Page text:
I could not stop listening to this book. I have tried to read other books about this cult and the abuse often suffered by the children, but found most just too graphic. Rachel was able to convey what happened to her without so much detail. She did have to give some, as they were necessary to the story.

I wish her only the best, and may this story give other women caught in situations beyond their control the courage to make a change.

5 people found this helpful

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American Taliban in our midst

A must listen. FLDS is monstrous. Rachel Jeffs has my utmost respect and I hope for her and her childrens’ happiness.

5 people found this helpful

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Rachel's viewpoint is skewed in my opinion

First off let me say, I have NO right to judge Rachel Jeffs. She was raised from birth into this cult, and was completely brainwashed.
I just felt that she waited SO long to leave, and I was impatient with her during the story. She knew what kind of man her father was (he sexually abused her her entire childhood) and yet she still stood by and let others think he was God's representative on earth. She passively allowed him to control her life and her children's lives.

I was especially annoyed by how she painted the Texas government as monsters for separating FLDS children from their parents. The FLDS was marrying young, young girls to older men, some as young as 12, and others were physically abused, sexually abused, etc. Texas DID fail.... by returning all the victims back to their abusers. But taking them away was the RIGHT thing to do. If you are allowing your 12-year-old daughter to marry a 50-year-old man, you don't deserve to be the parent of that child. If you turn a blind eye to your young child being physically or sexually abused, you do not deserve to be a parent. Period. I do not agree with Rachel whatsoever on this point. The FLDS is evil for what it did to children and the parents that allowed it to happen deserve to be in prison themselves.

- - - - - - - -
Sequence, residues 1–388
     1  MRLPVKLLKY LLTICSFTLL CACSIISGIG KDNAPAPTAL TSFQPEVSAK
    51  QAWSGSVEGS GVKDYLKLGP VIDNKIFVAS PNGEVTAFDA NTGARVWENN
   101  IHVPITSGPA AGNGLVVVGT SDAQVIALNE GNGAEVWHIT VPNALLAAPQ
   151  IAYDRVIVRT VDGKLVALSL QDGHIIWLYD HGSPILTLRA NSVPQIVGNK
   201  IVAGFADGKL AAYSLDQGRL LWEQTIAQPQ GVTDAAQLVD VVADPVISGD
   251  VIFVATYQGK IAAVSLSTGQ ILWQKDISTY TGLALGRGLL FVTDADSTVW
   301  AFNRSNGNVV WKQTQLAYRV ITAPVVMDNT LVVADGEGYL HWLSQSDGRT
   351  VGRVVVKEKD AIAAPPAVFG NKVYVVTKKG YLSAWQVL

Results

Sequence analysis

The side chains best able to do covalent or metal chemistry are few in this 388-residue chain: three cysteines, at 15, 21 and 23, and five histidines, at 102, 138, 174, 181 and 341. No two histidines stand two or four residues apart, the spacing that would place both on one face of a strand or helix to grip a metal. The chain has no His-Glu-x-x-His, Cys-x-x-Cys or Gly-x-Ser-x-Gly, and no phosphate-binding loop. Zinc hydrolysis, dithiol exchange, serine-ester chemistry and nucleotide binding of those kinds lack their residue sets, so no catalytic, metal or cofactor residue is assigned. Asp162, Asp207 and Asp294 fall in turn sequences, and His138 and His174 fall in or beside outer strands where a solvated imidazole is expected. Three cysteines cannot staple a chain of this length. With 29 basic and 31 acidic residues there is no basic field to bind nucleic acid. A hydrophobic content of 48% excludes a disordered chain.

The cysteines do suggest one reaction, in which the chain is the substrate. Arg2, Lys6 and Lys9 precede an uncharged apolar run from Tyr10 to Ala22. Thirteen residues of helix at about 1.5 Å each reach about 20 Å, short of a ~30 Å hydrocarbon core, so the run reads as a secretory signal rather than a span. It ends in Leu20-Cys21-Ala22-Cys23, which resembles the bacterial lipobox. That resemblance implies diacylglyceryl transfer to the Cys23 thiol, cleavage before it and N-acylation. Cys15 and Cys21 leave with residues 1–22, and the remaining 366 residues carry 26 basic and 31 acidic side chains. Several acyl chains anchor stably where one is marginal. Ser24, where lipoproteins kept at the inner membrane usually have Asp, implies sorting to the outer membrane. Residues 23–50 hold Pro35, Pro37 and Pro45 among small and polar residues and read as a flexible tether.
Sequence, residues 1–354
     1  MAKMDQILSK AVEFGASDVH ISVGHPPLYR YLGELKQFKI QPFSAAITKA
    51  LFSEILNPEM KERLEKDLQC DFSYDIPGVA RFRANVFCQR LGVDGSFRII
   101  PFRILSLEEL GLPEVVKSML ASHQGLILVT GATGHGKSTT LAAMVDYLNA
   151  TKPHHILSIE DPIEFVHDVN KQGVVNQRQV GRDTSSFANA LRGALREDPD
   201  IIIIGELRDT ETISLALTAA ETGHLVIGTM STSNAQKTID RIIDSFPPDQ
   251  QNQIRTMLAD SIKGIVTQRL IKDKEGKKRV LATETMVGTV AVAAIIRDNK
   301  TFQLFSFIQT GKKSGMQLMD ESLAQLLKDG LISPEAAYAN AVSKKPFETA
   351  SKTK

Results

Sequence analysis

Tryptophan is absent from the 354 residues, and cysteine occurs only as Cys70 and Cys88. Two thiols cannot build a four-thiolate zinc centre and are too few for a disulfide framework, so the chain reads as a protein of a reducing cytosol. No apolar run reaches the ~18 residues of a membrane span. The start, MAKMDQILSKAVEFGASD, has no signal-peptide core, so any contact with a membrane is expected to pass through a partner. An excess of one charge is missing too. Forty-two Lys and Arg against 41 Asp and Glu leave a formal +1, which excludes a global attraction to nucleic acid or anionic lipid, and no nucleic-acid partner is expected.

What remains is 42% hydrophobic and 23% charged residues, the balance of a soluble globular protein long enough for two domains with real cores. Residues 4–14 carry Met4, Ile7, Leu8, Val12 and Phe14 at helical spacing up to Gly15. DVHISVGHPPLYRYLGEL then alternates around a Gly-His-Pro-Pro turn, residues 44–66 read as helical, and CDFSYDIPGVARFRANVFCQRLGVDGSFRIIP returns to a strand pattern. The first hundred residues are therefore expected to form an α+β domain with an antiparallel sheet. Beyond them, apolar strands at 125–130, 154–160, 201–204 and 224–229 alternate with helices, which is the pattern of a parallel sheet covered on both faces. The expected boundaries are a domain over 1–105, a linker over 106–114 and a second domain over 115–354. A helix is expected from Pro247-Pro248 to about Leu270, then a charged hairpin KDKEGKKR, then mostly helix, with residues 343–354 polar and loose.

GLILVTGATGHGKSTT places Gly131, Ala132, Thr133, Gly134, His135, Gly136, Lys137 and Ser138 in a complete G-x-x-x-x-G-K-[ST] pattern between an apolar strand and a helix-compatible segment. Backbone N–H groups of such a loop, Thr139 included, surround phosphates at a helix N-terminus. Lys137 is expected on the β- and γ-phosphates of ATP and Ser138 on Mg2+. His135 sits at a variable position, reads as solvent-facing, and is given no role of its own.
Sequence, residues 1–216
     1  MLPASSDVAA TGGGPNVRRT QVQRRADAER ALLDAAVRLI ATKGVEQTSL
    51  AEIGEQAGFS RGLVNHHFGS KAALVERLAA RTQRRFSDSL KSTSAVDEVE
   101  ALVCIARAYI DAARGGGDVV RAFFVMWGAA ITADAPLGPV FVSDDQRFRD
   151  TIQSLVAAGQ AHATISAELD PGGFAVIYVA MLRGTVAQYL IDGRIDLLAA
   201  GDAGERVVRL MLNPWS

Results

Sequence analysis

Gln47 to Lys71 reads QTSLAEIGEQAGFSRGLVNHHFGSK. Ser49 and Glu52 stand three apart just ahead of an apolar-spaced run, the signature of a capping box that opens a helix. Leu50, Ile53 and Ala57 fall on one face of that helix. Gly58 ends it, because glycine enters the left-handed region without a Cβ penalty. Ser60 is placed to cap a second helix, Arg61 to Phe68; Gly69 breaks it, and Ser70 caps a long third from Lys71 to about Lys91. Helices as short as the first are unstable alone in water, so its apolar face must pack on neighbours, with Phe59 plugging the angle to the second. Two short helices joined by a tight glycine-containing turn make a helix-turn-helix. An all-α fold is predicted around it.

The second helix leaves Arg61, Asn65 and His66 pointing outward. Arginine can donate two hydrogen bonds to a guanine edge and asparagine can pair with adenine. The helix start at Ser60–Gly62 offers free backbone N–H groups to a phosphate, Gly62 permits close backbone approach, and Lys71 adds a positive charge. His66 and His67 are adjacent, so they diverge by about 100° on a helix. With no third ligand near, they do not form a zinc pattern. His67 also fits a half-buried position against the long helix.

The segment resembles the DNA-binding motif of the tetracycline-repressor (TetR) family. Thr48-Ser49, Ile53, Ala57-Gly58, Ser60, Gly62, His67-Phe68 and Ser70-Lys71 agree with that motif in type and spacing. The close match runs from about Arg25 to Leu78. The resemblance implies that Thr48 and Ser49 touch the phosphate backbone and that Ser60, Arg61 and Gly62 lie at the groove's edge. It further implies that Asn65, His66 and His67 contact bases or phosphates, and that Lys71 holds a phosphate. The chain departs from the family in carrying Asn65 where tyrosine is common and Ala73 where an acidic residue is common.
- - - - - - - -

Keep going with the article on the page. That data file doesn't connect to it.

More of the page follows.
I feel like I'm being too hard on Rachel, and I don't mean to be. I think she's in many ways still brainwashed. I think she should have waited a number of years before she got a proper perspective and come to terms with everything that happened to her before she wrote her book. Anyone that knows what happened to these innocent children and blames the Texas authorities for taking them away is just plain ignorant. I hope Rachel, in time, comes to realize the full gravity of everything those children had to bear. And how monstrous is it that they were returned to their abusers. God only knows what happened to them when they had to go back. it just breaks my heart.

TL;DR: Rachel sticks up for FLDS beliefs too much, whitewashes a lot of the abuse that happens in the cult, makes too many excuses for her father and FLDS leadership, and ultimately stayed WAY too long before leaving. It was hard to empathize with her.

3 people found this helpful

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God bless you Rachel.

It was amazing to hear the story of a woman who had been able to escape the abusive and evil culture that she was raised in. I liked being able to know some of the inside of the story that was so publicly reported about the FLDS cult.

3 people found this helpful

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Excellent book.

Very well written. An inspiration to anyone who feels trapped in any way. Rachel you are an inspiration.

3 people found this helpful

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Disappointing

This book is disjointed and impossible to finish. Should've been narrated by anyone other than the author.

2 people found this helpful